So, some odd… uh, weeks later… we get to our next promised project. This was intended as a side to an elk roast that got put off from week to week (and two sets of sweet potatoes lost to sprouting or molding as a result), which we finally got around to tonight. If it’s not apparent, I LOVE sweet potatoes, far more than normal white potatoes. Unfortunately for me, Stingray does not share my enthusiasm; as a result, finding recipes involving them that he actually likes after a childhood of palate abuse at the hands of his grandmother’s yam aberrations is a priority for me. He likes some sweet potato fries, but deep-frying still gives me visions of the burn ward, so I set my sights on something a little easier.
So here’s the original, from Heidi Swanson’s site, which is apparently itself a recipe from Terrence Brennan’s “Artisanal Cooking”: Vanilla Mashed Sweet Potatoes
1 1/2 pounds sweet potatoes, cleaned and left a bit damp
1/2 cup plus 3 tablespoons heavy cream
1/3 vanilla bean, split lengthwise and seeds scraped
1 teaspoon grated orange zest (optional)
2 tablespoons unsalted butter, at room temperature
white pepper in a mill
Now that we’ve got our ingredients, let’s start throwing stuff out and adding it back in. For starters, the most delicious mashed sweet potatoes I ever ate left a tantalizing tangy note somewhere in the aftertaste; after googling up about three million mashed sweet potato recipes, I decided the flavor was probably yogurt. So I decided to swap out the extra three tablespoons of heavy cream for three tablespoons of plain yogurt. I elected to throw out the orange zest as an obfuscating flavor when trying to figure out what effect the yogurt would have. I threw out the vanilla when Stingray informed me that if I used one of the $$$ vanilla beans he’s saving for pies, he would invent ways to make me regret it. No skin off my nose- I’m not that wild about vanilla in what I meant to be a savory dish anyway.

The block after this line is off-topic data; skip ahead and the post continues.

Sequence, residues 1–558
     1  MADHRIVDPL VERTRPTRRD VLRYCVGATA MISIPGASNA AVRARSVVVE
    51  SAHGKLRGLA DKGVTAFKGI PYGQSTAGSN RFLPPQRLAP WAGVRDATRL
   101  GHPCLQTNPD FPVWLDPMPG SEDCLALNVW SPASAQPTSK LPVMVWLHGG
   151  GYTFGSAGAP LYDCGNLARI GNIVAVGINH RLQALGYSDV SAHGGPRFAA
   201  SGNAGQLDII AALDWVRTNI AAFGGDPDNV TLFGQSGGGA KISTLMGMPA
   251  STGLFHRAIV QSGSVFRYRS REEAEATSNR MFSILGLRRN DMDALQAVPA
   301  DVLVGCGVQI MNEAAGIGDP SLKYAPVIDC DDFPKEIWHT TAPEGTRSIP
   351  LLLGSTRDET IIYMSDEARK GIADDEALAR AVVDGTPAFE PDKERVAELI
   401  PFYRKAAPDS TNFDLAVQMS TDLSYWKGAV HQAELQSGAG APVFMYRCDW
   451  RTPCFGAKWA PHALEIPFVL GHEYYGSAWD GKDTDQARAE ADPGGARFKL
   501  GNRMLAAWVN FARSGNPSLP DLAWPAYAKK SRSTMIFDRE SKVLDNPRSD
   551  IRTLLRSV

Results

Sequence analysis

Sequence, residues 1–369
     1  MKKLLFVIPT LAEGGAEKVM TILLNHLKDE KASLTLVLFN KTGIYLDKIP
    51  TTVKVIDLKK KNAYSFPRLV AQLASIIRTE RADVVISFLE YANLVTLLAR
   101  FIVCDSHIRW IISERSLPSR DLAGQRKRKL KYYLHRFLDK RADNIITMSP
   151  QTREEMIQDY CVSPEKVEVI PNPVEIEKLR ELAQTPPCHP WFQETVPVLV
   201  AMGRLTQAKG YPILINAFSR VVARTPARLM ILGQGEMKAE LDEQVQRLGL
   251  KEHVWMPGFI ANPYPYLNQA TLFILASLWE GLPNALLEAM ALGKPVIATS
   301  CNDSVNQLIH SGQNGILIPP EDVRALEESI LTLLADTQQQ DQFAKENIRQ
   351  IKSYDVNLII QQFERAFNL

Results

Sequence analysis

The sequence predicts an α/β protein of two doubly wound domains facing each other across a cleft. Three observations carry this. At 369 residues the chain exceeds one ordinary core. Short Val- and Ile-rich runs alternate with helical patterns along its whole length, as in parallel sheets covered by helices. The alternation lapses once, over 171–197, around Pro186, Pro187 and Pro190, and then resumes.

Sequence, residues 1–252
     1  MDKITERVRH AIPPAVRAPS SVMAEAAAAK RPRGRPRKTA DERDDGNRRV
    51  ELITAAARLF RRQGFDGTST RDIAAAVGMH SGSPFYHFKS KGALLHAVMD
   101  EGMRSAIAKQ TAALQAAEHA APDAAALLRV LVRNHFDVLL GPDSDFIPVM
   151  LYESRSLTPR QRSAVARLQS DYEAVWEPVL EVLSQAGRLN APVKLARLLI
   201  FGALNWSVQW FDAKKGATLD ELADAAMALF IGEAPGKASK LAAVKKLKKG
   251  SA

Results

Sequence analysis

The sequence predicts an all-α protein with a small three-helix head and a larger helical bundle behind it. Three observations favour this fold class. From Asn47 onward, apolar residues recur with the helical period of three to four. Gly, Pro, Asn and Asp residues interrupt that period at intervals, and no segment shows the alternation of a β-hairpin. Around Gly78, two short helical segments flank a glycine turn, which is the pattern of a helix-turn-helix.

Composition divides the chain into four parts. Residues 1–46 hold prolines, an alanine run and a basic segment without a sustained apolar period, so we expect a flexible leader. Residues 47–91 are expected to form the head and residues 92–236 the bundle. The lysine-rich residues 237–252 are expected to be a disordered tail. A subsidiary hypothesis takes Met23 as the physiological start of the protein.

Preheat the oven to 350F. Put the potatoes on a baking sheet and bake in the oven until tender to a fork tip, about 1 hour.
1. Preheat oven. Locate baking dish. Locate sweet potatoes. Put potatoes on baking dish. Chuck in oven. Walk away for an hour. Gee, that was easy.
2. Ehhh, that’s not *quite* tender to fork tip. Requires a little force. Another ten should do it. Wait ten minutes. Achieve satisfying results with a fork, which you are rapidly learning should really be sitting by the stove for any given recipe, the Unmentioned Tool.
Remove from oven and let cook until warm enough to handle, 10 to 15 minutes. Peel and discard the skin. Put the potatoes in the bowl of a food processor fitted with the steel blade.
3. Let the sweet potatoes sit while you proceed to…
Meanwhile, pour the cream into a 2-quart pot, add the vanilla bean and orange zest, if using, and set it over medium heat. Bring to a simmer and cook for 5 minutes.
4. Locate “2-quart” pot after some consultation with spouse. Extract the heavy cream and the yogurt from the fridge. Open the heavy cream.
5. Using your fork, take another run at opening the heavy cream.
6. Employ a steak knife to get the GOATFUCKING cream carton open, what the hell, was the dairy afraid it would fall into terrorist hands?
7. Pour half a cup of cream into pot. Glop three tablespoons of yogurt into pot. Turn to medium heat and look questioningly at pot.